Intuitionistic
    Logic!

    View full-size slide

  65. ¬¬((A → B) → A) → ¬¬A
    ¬¬(A ∨ ¬A)
    ¬¬¬¬A → ¬¬A
    ¬¬¬(A ∧ B) → ¬¬(¬A ∨ ¬B)
    ¬¬(A → B) → ¬¬(¬A ∨ B)
    ¬¬(¬B → ¬A) → ¬¬(A → B)
    Tautologies in Intuitionistic Logic
    Using
    helper rule
    ¬¬(A → B)
    ¬¬A → ¬¬B

    View full-size slide

  66. /// `¬¬(A ∨ ¬A)` (Law of excluded middle in Intuitionistic Logic)
    func excludedMiddle_IL() -> Not>>> {
    Not>>> { notEither in
    let notA: Not = Not { a in notEither.f(.left(a)) }
    let either: Either> = .right(notA)
    return notEither.f(either)
    }
    }

    View full-size slide

  67. /// `¬¬¬¬A ===> ¬¬A` (Double negation elimination in IL)
    func doubleNegationElim_IL(
    _ notNotNotNotA: Not>>>
    ) -> Not>
    {
    Not> { notA in
    notNotNotNotA.f(
    Not>> { notNotA in
    notNotA.f(notA)
    }
    )
    }
    }

    View full-size slide

  68. /// `¬¬¬(A ∧ B) ===> ¬¬(¬A ∨ ¬B)` (De-Morgan's Law in IL)
    func deMorgan4_IL(_ notNotNotAB: Not>>)
    -> Not, Not>>>
    {
    Not, Not>>> { (notEither: Not, Not>>) in
    let notNotAB = Not> { notAB in
    let notB = Not { b in
    let notA = Not { a in
    notAB.f((a, b))
    }
    let either: Either, Not> = .left(notA)
    return notEither.f(either)
    }
    let either: Either, Not> = .right(notB)
    return notEither.f(either)
    }
    return notNotNotAB.f(notNotAB)
    }
    }

    View full-size slide

  69. /// `¬¬((A → B) → A) → ¬¬A` (Peirce's Law in IL)
    func peirceLaw_IL() -> (Not B) -> A>>) -> Not> {
    { notNotF in
    Not> { notA in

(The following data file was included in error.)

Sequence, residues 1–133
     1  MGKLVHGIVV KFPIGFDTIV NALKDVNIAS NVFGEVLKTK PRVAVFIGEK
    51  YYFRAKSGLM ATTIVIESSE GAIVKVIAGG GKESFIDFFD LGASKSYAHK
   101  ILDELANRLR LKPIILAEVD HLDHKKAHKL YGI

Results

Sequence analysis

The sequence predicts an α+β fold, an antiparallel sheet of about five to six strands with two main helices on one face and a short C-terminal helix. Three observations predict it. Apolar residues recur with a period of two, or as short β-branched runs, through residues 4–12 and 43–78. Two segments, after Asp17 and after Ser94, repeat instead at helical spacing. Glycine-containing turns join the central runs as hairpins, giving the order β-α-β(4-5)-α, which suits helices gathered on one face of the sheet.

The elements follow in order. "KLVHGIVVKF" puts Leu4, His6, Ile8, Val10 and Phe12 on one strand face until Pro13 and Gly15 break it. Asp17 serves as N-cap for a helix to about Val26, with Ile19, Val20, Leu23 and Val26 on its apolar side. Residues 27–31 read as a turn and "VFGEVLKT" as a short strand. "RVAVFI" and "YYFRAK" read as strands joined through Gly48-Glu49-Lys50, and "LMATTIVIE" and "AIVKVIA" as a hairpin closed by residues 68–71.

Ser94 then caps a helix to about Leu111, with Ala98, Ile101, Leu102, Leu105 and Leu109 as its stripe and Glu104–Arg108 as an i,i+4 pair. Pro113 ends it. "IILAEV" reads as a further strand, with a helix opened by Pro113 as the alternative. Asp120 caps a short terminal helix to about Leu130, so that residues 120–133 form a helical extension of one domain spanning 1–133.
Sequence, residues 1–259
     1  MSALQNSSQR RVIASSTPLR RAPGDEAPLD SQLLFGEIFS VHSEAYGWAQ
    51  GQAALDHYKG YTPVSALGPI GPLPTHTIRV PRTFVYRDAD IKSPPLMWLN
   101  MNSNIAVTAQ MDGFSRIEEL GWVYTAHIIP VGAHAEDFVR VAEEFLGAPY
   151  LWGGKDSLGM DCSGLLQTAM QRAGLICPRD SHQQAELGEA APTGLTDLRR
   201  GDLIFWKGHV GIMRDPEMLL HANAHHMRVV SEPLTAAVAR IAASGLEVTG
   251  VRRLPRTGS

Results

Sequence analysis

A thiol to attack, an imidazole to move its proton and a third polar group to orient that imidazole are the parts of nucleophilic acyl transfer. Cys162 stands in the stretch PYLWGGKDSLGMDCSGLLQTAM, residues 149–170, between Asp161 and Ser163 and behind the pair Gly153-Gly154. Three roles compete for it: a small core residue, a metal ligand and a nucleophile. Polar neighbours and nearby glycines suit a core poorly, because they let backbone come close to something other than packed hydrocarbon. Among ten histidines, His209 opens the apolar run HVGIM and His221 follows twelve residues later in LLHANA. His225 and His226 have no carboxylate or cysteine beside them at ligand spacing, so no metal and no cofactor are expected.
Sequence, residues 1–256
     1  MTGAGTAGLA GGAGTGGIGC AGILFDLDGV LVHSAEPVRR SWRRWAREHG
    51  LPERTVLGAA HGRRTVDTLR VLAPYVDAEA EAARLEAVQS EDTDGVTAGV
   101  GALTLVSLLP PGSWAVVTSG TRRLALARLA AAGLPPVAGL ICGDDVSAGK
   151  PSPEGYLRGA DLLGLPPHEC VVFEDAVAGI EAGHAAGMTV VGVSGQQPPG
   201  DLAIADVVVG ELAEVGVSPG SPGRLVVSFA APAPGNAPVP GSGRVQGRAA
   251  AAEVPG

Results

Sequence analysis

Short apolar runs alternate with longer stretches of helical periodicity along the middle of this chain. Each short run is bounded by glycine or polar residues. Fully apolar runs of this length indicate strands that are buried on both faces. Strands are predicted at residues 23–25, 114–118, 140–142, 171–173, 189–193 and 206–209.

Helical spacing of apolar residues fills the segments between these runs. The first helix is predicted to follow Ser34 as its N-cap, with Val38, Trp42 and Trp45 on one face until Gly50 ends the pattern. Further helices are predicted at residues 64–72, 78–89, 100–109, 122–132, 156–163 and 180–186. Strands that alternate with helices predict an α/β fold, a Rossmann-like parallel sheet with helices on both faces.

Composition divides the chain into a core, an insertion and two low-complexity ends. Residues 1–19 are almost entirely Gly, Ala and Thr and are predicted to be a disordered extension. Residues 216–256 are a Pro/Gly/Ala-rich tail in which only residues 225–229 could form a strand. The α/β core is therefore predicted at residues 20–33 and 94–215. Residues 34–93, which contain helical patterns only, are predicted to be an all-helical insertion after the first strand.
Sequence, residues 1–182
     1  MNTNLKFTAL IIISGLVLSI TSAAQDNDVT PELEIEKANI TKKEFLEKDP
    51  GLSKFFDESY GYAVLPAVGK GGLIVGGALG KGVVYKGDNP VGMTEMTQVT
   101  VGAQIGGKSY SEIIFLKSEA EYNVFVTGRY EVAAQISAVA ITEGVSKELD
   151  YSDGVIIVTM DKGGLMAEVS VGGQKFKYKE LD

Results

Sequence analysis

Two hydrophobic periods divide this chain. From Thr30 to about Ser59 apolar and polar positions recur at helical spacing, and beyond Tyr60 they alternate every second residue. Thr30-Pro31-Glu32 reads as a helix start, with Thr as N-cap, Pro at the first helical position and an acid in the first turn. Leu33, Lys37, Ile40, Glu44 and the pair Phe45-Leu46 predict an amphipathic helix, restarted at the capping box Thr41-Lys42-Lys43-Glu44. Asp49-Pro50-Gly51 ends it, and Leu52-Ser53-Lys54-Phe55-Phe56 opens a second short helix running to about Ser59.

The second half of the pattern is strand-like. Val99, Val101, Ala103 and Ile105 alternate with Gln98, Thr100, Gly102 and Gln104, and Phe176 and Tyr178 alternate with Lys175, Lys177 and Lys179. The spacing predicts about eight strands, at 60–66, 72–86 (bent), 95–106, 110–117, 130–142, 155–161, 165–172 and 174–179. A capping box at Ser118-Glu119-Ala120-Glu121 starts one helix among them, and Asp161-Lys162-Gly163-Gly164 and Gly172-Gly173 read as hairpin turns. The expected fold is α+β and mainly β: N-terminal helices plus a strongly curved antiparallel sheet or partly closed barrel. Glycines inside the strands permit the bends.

let notABA = Not<((A) -> B) -> A> { aba in
    let ab: (A) -> B = { a in absurd(notElim(a, notA)) }
    let a = aba(ab)
    return notA.f(a)
    }
    return notNotF.f(notABA)
    }
    }
    }

    View full-size slide

  70. Peirce’s Law → Call with Current Continuation
    ¬¬(A → B)
    ¬¬A → ¬¬B
    ((A → ¬¬B) → ¬¬A) → ¬¬A
    Here, are used to gain
    ¬¬(A → B)
    A → ¬¬B
    ¬¬(((A → B) → A) → A) Peirce’s Law

    View full-size slide

  71. /// Continuation.
    typealias Cont = (@escaping (A) -> R) -> R
    ///
    /// Call with Current Continuation.
    /// - Peirce (classical): `((A → B) → A) → A`
    /// - CallCC (intuitionistic): `((A → M) → M) → M`
    ///
    /// - Note: `callCC` is like control operators e.g. `goto`, `return`, `throw`.
    ///
    func callCC(
    _ f: @escaping (_ exit: @escaping (A) -> Cont) -> Cont
    ) -> Cont
    {
    { outer in
    f { a in { _ in outer(a) } }(outer)
    }
    }

    View full-size slide

  72. /// - DoubleNegationElim (classical): `((A → ⊥) → ⊥) ===> A`
    /// - DoubleNegationElim (intuitionistic): `((A → M<⊥>) → M<⊥>) ===> M`
    func doubleNegationElim_callCC(
    _ doubleNegation: @escaping (
    _ neg: @escaping (A) -> Cont
    ) -> Cont
    ) -> Cont
    {
    callCC { exit -> Cont in
    flatMap(doubleNegation(exit), absurd)
    }
    }

    View full-size slide

  73. Recap
    •Syntax and Semantics
    •Tautology as “always true” formula
    •Formal System: Axioms and Inference Rules
    •Intuitionistic Logic 㱻 Swift Programming (Curry-Howard)
    •Writing Law of Excluded Middle in Swift (Glivenko)
    •Learning Logic will help understand Swift’s type (system)

    View full-size slide

  74. Sample Code

    http://github.com/inamiy/SwiftAndLogic

    View full-size slide

  75. Gracias!
    Yasuhiro Inami
    @inamiy

    View full-size slide